Early on I experienced an electrical fire on a wire that came from the battery without protection until it reached the fuse panel (just like the current configuration). The fire nearly cost me my helicopter and burned up most of the wiring. I tore the helicopter down to the frame and started over.

This time I decided to have a master switch and relay that would shut off everything except the fuel pumps and ignition systems (carburetor engine). I took this photo when I recovered the helicopter six years after it was stolen from me. The new tail boom and the rust around the fittings would never have been allowed when I had it.

You can see how I brought the battery cable up to the master relay. The second cable goes to the starter and is protected by an intermittent breaker. The only wire that was not protected was the cable coming from the battery to the relay. All other circuits were protected by intermittent breakers that would reset themselves (see the black rectangles with red protector on the terminals. The protected wires then went to their busses and then each circuit in the cabin had it's own aircraft style breaker--I was protected.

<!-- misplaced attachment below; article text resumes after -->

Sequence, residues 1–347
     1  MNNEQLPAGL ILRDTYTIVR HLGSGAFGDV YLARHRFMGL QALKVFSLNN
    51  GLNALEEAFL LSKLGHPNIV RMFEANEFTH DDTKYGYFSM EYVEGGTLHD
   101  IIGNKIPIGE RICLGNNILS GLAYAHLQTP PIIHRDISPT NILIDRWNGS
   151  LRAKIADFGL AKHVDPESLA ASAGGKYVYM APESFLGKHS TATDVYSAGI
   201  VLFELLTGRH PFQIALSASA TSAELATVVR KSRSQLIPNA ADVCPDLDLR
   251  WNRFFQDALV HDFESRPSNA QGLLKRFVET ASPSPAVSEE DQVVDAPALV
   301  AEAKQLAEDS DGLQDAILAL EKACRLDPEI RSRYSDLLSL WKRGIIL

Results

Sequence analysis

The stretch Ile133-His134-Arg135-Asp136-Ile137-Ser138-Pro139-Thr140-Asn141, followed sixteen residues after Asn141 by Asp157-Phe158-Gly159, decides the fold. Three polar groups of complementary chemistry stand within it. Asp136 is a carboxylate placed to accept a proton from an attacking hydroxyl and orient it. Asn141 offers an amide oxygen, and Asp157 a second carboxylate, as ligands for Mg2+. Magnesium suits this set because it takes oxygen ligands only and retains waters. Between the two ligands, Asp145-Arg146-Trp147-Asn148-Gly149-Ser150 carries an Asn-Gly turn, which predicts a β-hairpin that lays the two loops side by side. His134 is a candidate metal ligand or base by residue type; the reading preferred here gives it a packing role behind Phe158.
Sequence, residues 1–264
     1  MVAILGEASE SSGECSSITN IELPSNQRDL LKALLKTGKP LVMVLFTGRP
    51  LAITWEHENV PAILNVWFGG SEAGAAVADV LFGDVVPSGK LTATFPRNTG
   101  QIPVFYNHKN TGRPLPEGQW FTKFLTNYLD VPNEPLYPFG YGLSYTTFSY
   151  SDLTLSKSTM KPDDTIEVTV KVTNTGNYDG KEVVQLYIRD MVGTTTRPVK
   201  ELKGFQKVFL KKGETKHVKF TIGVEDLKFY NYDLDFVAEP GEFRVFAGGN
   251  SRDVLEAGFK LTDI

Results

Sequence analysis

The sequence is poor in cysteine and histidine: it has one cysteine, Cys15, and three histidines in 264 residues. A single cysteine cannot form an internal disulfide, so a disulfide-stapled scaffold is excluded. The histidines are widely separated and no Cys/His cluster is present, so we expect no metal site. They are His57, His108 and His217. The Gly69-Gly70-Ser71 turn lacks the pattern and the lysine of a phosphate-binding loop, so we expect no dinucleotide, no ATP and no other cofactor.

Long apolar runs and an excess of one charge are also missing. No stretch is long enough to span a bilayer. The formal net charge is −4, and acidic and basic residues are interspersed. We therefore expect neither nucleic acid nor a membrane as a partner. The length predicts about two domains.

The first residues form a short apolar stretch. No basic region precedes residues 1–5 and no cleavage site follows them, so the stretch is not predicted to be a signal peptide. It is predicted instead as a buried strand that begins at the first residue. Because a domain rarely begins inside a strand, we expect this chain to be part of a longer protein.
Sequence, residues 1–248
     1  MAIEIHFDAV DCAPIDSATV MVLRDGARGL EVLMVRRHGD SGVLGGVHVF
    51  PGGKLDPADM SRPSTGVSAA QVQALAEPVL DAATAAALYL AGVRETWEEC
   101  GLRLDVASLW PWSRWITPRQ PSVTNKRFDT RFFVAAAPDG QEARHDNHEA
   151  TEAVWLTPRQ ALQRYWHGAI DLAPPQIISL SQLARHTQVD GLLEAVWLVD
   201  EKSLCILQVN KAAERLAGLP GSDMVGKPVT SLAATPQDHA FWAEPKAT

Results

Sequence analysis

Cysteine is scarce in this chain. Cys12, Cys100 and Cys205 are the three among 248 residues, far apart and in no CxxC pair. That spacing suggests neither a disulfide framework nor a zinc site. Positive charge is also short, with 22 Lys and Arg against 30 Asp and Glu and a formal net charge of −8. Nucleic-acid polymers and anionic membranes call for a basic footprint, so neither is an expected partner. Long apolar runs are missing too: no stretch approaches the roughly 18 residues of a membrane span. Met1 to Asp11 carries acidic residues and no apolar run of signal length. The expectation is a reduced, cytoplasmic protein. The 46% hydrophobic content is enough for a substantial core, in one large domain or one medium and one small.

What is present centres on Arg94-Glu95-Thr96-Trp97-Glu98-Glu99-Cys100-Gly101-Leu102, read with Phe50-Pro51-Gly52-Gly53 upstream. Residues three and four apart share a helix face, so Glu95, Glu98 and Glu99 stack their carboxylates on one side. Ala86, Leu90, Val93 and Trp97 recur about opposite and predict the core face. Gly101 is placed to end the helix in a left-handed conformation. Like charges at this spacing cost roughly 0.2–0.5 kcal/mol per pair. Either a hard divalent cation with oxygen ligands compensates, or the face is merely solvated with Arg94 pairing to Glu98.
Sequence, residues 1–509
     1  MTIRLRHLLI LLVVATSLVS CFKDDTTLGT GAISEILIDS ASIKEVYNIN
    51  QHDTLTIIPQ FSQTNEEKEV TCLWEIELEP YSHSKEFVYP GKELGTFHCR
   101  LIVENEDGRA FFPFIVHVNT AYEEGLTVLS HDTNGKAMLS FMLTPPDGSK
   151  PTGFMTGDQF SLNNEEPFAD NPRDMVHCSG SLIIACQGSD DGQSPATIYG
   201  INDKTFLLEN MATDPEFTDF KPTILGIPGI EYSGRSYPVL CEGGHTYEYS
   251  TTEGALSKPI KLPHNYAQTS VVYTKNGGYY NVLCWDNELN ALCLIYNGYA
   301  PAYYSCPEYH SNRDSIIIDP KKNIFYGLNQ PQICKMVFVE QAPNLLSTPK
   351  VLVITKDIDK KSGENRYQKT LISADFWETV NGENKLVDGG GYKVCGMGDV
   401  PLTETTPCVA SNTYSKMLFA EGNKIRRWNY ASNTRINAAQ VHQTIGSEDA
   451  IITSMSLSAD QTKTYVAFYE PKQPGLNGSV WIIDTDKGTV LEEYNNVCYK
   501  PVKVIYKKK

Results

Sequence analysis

This is a shot of the negative bus. Note the rust from sitting for 6 years in hiding after it was stolen. The thief must have had an incident because the tail boom was new and unpainted when I recovered the ship.

I don't like using the frame as a ground so I ran a ground cable from the battery to the negative bus shown here. Every circuit in the electrical system terminated at the negative bus. I was learning but I did not know abut plastic spiral wrap that I now use to protect all of the wire bundles. Of course there was no danger of the negative wires causing any trouble if they contacted the frame but I would still spiral wrap them to keep them neat and secure.

The reason that the coolant tank is just above the belts is because I had fabricated a luggage compartment under the dog house where the tank usually was located. That way I could carry tools, jackets, lunch, and drinks right there near the CG next to the main mast.